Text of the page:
Articles for kids about math in everyday life, written by Ivars Peterson for Muse magazine.

July 6, 2007

Seven Bridges

Suppose that you live in a town that sprawls across the banks of a branching river, with an island in the middle. Seven bridges link the different parts of town. One sunny summer day, you decide to take a bike ride. Looking at a map, you try to find a route that would take you across all the bridges and back to where you started. You also add the challenge never to cross the same bridge more than once. If you succeed, you decide, an ice cream reward awaits you on your return.

Is it possible to find such a route? Try it.

This illustration shows the seven bridges (green) of 18th-century Königsberg.

It turns out there is no such route. The first person to prove that it can't be done, nearly 300 years ago, was a famous mathematician named Leonhard Euler (pronounced OIL-er). The puzzle originally concerned a city in northern Europe, Königsberg, which really did have a branching river running through it, with an island and seven bridges. (The city is now called Kaliningrad and is part of Russia.)

In essence, the bridges connect four separate pieces of land. Anyone standing on any given land mass would have to have a way to get on and, if they wanted not to cross the same bridge twice, a different way off. That means each land mass would require an even number of bridges. However, in Königsberg, each land mass has an odd number of bridges. As a result, all seven bridges can't be crossed without crossing one of them more than once.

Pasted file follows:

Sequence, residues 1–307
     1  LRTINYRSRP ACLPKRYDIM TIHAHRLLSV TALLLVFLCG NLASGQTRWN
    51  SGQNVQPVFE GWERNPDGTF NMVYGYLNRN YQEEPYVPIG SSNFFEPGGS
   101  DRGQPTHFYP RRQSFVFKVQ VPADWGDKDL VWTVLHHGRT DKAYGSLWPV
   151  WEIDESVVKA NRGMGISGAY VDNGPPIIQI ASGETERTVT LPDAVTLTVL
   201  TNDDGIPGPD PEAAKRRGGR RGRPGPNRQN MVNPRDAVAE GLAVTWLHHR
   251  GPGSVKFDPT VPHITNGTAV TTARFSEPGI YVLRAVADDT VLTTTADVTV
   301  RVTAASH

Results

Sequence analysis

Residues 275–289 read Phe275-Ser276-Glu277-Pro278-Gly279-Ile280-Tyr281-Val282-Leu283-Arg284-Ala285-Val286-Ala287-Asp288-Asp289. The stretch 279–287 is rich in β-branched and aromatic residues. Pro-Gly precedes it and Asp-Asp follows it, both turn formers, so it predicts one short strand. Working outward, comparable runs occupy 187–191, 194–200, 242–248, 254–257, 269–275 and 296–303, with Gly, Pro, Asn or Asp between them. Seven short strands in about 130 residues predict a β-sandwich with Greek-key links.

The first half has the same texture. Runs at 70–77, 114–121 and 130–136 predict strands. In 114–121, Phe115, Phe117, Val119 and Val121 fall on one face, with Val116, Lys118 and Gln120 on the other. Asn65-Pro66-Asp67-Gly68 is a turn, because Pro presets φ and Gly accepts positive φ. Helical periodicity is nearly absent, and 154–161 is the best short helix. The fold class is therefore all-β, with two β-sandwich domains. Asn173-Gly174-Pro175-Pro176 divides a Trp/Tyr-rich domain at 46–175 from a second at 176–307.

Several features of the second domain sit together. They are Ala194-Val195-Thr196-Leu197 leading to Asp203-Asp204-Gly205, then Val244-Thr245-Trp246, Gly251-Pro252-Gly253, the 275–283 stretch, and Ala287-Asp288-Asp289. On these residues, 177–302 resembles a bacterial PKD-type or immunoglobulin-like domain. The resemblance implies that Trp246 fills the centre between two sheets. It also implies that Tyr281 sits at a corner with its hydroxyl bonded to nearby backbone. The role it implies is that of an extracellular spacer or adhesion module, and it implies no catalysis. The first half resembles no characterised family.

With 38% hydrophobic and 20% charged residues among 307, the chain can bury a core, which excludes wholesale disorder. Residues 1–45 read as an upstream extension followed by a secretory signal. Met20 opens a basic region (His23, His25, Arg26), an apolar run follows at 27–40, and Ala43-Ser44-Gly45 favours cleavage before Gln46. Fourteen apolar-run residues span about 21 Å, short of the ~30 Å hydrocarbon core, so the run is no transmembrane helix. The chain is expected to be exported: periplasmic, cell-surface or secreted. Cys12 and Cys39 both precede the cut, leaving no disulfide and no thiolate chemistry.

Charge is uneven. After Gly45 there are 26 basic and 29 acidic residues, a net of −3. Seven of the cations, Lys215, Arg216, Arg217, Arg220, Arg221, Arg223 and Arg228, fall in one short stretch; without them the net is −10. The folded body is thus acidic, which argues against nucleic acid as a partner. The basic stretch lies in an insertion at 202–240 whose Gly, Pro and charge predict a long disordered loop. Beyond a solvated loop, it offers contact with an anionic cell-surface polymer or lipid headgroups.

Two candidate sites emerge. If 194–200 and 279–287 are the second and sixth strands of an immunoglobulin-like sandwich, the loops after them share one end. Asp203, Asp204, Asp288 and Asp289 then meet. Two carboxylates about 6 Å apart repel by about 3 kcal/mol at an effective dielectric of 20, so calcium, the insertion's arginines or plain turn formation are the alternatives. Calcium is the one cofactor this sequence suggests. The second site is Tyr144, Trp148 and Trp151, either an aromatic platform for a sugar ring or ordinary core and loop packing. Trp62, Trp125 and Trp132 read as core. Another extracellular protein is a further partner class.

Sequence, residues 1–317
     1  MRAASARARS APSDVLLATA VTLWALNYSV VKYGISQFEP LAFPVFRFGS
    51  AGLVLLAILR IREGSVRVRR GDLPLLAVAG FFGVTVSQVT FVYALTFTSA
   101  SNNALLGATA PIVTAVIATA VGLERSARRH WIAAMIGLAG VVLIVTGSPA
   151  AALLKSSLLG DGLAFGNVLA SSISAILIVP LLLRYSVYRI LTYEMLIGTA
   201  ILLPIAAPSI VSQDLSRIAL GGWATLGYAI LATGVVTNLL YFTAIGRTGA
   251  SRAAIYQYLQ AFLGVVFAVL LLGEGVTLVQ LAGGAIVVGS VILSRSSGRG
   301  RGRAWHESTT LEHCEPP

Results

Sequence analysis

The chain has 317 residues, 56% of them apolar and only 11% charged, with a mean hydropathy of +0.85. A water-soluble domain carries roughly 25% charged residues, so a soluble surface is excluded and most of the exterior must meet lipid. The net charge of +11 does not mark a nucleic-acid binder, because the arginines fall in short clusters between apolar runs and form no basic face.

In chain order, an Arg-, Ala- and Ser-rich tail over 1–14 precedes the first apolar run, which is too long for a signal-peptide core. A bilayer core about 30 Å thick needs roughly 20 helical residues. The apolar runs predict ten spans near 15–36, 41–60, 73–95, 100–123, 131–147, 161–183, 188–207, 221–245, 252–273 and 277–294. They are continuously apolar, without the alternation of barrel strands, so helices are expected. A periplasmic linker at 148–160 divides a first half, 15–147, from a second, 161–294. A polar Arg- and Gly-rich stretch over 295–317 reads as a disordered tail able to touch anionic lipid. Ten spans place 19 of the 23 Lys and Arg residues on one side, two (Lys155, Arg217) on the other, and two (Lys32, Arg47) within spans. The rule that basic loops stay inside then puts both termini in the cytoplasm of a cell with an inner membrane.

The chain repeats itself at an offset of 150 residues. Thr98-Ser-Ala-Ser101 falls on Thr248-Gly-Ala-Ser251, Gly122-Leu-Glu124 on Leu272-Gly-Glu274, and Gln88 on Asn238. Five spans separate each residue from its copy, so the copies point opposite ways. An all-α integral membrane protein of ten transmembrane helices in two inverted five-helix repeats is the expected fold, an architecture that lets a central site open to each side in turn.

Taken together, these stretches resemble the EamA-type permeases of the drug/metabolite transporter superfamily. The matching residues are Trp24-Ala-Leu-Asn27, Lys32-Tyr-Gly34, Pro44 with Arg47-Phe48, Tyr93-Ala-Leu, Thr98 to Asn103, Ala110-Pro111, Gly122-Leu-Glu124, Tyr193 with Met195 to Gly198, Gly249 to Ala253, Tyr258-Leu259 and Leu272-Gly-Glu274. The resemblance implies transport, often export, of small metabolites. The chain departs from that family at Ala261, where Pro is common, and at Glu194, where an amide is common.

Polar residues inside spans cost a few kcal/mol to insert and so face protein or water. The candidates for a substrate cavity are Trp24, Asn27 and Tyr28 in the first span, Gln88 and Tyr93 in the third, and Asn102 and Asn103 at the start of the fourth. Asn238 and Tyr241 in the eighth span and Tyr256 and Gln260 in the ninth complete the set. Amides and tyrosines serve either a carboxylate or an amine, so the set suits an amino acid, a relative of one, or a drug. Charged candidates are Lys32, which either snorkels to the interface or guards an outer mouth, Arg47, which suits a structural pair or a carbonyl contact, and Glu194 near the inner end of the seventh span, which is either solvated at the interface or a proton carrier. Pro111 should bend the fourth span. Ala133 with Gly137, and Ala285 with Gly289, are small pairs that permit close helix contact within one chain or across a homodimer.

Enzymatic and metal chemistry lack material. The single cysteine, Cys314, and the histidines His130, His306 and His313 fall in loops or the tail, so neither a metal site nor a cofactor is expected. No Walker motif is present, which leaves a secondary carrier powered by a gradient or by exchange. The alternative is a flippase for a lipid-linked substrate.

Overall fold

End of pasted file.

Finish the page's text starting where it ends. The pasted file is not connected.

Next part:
Leonhard Euler was an amazing person. Some people describe him as the greatest mathematician of all time. He was born in Basel, Switzerland, on April 15, 1707 (so this year was the 300th anniversary of his birth). As a young boy, he found it very easy to learn languages. He had an extraordinary memory and could do all sorts of mental arithmetic with astonishing speed. He entered the University of Basel at the age of 14 and obtained his degree three years later.

Interestingly, if you were to visit Kaliningrad today, you would find that two of the bridges no longer exist, and a single bridge has replaced a pair of the bridges that crossed from one side of the river to the other via the island. A set of stairs in the middle of the bridge allows you to visit or leave the island.

This satellite image shows Kaliningrad today, with its new arrangement of bridges.

It's now possible, if you start on the island, to follow a route that crosses all the bridges without crossing any one of them twice. With this restructuring, the city planners may have thought they were foiling Euler's toiling. But of course, being a mathematician, Euler didn't just solve a single problem—he solved the problem generally. That is, he worked out rules for figuring out whether such routes exist for any number of land masses and bridges.

Muse, July/August, 2007.

No comments: